Rehtaeh_ParsonsYes, despite all that has been made possible by the internet, the heady optimism that was present in those early days seem horribly naive by today’s standards. In addition to making virtually any database accessible to anyone, the world wide web has also enabled child pornographers, hate speech, conspiracy theorists and misinformation like never before.

What’s more, a person’s online presence opens them to new means of identity theft, cyberbullying, and all kinds of trolling and harassment. Who can forget the cases of Amanda Todd or Rethaeh (Heather) Parsons? Two young women who committed suicide due to relentless and disgusting bullying that was able to take place because there simply was no way to stop it all.

amanda_toddsuicide.jpeg.size.xxlarge.letterboxAnd with the ever expanding online presence of children and youths on the internet, and little to no controls to monitor their behavior, there are many campaigns out there that hope to reign in the offenders and protect the users. But there are those who have gone a step further, seeking to put in place comprehensive safeguards so that trollish behavior and hurtful comments can be stopped before it becomes a permanent part of the digital stream.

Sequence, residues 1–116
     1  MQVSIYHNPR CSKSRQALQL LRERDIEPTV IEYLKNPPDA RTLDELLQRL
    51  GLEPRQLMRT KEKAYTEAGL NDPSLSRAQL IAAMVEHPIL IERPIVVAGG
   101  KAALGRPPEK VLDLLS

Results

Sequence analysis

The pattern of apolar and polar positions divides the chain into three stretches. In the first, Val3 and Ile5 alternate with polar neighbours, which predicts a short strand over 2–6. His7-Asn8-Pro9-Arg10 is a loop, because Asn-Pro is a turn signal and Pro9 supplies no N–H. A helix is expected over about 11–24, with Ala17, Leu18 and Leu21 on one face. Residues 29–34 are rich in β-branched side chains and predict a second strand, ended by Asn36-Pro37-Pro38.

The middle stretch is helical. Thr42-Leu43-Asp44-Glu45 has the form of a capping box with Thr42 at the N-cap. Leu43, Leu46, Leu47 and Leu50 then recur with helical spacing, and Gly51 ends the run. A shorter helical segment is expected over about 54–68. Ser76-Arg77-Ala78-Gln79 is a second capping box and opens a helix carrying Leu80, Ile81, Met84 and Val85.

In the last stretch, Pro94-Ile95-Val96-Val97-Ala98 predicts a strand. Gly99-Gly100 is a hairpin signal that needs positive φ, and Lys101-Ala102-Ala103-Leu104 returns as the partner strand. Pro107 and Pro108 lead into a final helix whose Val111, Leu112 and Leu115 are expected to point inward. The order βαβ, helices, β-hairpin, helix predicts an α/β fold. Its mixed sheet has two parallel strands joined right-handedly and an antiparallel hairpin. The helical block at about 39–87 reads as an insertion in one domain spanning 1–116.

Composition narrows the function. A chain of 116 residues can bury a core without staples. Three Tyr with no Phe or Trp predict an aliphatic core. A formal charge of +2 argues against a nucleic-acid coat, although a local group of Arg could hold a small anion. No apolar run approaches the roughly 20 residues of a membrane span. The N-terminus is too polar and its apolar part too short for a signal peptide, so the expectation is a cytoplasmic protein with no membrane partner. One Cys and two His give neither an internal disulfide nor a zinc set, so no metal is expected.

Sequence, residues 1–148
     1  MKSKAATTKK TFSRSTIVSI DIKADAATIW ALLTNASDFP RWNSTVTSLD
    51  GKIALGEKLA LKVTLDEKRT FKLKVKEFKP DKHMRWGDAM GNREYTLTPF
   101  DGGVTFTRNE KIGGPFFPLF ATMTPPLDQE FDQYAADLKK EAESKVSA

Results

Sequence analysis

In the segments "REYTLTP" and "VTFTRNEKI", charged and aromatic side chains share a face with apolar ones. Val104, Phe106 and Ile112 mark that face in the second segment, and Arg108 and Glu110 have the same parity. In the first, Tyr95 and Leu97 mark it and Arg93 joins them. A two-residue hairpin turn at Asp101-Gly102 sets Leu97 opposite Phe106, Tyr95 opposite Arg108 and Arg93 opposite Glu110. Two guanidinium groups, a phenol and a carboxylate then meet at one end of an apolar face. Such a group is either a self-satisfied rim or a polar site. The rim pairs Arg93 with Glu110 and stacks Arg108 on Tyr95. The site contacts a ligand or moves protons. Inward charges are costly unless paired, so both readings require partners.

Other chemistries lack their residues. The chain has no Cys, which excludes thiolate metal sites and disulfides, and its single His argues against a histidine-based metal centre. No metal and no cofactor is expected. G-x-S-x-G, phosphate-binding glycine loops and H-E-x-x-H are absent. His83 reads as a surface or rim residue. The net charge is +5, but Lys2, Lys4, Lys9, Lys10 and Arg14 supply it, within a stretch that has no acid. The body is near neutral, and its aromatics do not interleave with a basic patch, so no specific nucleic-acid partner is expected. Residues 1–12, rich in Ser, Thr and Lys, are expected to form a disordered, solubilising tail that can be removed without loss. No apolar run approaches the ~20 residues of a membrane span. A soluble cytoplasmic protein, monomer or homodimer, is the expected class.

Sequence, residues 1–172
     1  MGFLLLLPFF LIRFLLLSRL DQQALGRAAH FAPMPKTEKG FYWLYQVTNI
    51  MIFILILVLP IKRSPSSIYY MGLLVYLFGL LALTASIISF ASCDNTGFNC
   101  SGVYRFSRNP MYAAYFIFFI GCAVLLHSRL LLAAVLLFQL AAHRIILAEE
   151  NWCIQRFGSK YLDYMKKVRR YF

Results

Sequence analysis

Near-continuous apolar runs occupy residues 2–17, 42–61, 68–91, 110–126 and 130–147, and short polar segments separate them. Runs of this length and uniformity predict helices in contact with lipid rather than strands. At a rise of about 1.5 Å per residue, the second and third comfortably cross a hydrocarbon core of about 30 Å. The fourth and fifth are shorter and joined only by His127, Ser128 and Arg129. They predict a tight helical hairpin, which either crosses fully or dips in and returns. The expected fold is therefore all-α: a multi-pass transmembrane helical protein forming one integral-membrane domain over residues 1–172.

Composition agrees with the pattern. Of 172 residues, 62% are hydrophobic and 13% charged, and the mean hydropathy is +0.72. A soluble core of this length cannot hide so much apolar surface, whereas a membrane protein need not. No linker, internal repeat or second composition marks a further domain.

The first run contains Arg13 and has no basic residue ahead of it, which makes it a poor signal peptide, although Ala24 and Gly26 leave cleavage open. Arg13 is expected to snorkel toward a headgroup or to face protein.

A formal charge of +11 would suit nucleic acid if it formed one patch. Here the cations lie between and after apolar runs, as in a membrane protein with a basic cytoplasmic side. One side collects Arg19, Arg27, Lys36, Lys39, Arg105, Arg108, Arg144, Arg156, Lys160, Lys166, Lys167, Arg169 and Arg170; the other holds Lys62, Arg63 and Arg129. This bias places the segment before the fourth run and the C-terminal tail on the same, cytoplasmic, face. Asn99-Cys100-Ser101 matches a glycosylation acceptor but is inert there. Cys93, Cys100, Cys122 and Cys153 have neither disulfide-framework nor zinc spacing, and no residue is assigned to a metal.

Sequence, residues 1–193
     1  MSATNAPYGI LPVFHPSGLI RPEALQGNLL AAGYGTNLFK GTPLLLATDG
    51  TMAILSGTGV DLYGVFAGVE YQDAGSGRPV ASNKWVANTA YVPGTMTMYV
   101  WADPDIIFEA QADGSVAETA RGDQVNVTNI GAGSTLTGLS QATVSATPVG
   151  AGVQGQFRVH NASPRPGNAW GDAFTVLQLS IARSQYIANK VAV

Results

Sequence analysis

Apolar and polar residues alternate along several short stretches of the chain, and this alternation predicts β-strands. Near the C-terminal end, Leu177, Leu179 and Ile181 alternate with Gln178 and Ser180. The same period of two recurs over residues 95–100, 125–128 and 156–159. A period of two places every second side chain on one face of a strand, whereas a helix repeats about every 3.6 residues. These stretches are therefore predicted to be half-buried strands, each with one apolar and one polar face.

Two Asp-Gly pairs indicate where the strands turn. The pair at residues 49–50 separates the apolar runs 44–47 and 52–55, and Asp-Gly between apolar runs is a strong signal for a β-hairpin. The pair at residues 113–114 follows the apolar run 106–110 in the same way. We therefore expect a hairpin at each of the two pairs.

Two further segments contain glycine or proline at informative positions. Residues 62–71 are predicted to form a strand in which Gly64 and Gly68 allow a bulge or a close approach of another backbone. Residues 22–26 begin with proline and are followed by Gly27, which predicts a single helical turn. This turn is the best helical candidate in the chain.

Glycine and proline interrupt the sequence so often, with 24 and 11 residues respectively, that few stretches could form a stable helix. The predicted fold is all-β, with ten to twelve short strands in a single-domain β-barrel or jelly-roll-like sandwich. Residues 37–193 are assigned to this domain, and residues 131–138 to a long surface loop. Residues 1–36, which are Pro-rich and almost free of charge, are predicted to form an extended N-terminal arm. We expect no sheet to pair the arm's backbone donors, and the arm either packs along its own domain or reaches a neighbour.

One such person is California Governor Jerry Brown, who recently signed a bill into law that requires all websites to provide an online “erase button” for anyone under 18 years of age. The stated purpose of the law is to help protect teens from bullying, embarrassment and harm to job and college applications from online posts they later regret. The law, which is designated SB568, was officially passed on Sept. 23rd and will go into effect Jan 1st, 2015.